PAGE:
Oxygen Gernerator problems may go back to WWII

Anything goes, as long as it is about the Lockheed Martin F-22 Raptor
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tincansailor

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Unread post16 Dec 2016, 09:24

I hope this isn't an old topic. I was just reading a book about the USS Enterprise CV-6 in WWII. It said that during the Battle of Midway a U.S. Dive bomber pilot had his flying career ended by lung damage from an oxygen Rebreather system. Dick Best, who planted 2 bombs, on 2 missions, against 2 separate Japanese Carriers in the same day flew a 4 hour, high altitude mission on that amazing day, June 4, 1942.

On the night of the 4th he went to bed, but began coughing up blood. The chief medical officer in Pearl Harbor concluded that his "Oxygen Rebreather " had become over heated during his long flight. "The heat created gases that turned to caustic soda, activating latent TB."

I didn't know U.S. naval aviators used oxygen rebreathers in WWII. I used chemical oxygen generators as damage control equipment when I was in the in the navy. The chemical canister became very hot, and had to be disposed of carefully. I don't know what this had to do with what happened to Dick Best, or if it has any relationship with the oxygen generation system problems with the F-22. Does anyone have any information on oxygen generators, or rebreathers in WWII, or if it has any relationship to the problems the F-22 experienced?
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Unread post17 Dec 2016, 05:34

Don't know anything about said system, but I am guessing that it was different than OBOGS. As you are probably aware, OBOGS uses [insert number based on platform] stage bleed air from a turbine/jet engine, cycles it through a scrubber (i.e. "molecular sieve") and then on to the individual crew regulators for breathing. The big problem with OBOGS is that sieve failing over time, or in other cases, toxins getting through which weren't designed to be scrubbed out. And then you get into the larger issue of flying jets at high altitude with finicky ECS/cabin pressurization systems without wearing a pressure suit. The first leads to toxic hypoxia, the second is completely unrelated to OBOGS and leads to DCS but is often lumped into "physiological episodes" or mishaps related to that factor.
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Unread post17 Dec 2016, 21:54

35_aoa wrote:Don't know anything about said system, but I am guessing that it was different than OBOGS. As you are probably aware, OBOGS uses [insert number based on platform] stage bleed air from a turbine/jet engine, cycles it through a scrubber (i.e. "molecular sieve") and then on to the individual crew regulators for breathing. The big problem with OBOGS is that sieve failing over time, or in other cases, toxins getting through which weren't designed to be scrubbed out. And then you get into the larger issue of flying jets at high altitude with finicky ECS/cabin pressurization systems without wearing a pressure suit. The first leads to toxic hypoxia, the second is completely unrelated to OBOGS and leads to DCS but is often lumped into "physiological episodes" or mishaps related to that factor.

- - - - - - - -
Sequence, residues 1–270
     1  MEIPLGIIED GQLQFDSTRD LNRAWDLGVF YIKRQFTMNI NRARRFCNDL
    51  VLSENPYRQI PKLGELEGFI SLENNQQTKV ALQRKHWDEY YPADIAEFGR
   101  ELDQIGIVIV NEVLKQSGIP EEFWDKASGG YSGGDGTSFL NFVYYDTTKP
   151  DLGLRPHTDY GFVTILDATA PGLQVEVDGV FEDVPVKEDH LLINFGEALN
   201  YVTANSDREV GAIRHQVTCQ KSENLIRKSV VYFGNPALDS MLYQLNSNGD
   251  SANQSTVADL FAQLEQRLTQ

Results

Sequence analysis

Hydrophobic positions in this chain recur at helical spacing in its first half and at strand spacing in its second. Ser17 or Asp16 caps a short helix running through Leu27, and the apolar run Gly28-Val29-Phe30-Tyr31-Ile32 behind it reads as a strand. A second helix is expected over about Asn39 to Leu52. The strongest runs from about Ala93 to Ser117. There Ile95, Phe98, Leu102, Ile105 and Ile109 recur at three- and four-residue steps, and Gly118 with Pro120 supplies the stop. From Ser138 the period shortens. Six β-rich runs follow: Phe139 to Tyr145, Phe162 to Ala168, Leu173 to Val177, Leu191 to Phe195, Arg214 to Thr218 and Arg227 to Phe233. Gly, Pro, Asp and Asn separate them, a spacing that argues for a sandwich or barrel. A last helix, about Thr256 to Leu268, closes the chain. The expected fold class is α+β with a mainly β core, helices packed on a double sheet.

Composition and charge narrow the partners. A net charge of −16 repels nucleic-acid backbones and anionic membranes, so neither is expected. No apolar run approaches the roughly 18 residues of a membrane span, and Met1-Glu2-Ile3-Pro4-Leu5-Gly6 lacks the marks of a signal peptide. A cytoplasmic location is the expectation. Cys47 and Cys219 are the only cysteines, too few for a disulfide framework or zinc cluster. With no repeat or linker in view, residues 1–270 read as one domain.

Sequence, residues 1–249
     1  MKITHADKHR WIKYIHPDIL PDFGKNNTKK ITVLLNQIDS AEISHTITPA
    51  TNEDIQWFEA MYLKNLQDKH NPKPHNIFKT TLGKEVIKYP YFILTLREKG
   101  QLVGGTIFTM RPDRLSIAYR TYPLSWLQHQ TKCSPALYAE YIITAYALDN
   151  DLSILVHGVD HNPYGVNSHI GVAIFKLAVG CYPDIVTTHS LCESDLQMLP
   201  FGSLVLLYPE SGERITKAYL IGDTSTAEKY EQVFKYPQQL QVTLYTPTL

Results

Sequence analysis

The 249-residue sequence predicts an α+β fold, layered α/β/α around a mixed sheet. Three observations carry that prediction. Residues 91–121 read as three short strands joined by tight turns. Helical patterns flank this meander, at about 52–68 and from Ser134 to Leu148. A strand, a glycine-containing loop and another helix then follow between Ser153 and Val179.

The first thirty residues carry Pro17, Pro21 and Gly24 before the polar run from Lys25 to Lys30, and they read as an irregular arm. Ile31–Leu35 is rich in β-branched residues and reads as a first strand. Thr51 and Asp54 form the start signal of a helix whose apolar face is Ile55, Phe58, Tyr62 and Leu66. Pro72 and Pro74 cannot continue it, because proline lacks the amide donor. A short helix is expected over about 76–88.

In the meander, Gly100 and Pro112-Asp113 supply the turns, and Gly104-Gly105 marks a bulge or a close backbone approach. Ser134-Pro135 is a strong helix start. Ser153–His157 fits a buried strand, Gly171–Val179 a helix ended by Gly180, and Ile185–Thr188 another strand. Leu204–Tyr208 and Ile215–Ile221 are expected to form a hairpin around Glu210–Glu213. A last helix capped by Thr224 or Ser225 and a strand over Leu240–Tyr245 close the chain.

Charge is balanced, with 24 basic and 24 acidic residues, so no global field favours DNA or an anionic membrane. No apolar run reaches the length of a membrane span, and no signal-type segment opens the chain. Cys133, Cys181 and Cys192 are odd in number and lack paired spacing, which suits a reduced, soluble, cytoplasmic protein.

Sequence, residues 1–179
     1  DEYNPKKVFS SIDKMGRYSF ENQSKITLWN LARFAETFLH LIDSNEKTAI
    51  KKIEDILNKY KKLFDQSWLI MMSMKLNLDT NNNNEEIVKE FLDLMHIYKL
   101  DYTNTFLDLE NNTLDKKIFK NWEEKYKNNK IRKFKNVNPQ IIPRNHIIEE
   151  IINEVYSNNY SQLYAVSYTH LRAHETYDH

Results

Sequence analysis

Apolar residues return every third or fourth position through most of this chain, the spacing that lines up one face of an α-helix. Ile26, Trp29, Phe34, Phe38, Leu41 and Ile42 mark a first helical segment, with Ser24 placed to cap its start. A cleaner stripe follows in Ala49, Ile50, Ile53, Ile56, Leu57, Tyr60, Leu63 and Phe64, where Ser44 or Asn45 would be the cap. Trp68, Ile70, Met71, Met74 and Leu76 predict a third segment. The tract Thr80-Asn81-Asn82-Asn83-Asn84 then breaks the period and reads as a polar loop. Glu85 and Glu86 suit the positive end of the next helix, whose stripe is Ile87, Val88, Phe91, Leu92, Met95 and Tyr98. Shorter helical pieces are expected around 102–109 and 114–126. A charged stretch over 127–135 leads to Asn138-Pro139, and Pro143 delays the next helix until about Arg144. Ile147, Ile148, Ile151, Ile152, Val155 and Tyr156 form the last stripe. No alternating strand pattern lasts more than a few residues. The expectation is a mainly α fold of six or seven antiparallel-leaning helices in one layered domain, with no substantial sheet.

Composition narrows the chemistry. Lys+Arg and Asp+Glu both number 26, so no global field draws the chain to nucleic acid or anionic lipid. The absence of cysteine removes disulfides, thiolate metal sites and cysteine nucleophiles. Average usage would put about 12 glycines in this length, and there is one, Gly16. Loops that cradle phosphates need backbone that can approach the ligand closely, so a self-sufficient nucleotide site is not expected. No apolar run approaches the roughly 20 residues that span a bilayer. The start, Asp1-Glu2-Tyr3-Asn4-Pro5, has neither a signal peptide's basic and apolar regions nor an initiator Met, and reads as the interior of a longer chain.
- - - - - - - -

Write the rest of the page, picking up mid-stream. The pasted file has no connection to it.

Agree with your comments on OBOGS & DCS.

Despite what some people seem to suggest, the OBOGS & ECS in a F/A-18C/D/E/F is completely different to the F-22, even though they work on a similar principle ("molecular sieve" etc.). Some aviation physiologists were pretty confident the F-22 "physiological episodes" were not caused by OBOGS issues, and they were later proven correct.

One frustration with the "physiological episodes" is that there is little solid evidence of what actually happened. F-22 pilots do use SpO2 sensors, which will detect typical hypoxia, but not always detect toxic hypoxia. Even when they get the aircraft (F-22, F/A-18 etc.) back in one piece, there can be very little data from a physiological episode.

IMO F/A-18s should get more comprehensive environmental monitoring data recorders, to make investigating a lot easier. Hurry up and replace the sieve units would also help.
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popcorn

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Unread post17 Dec 2016, 22:42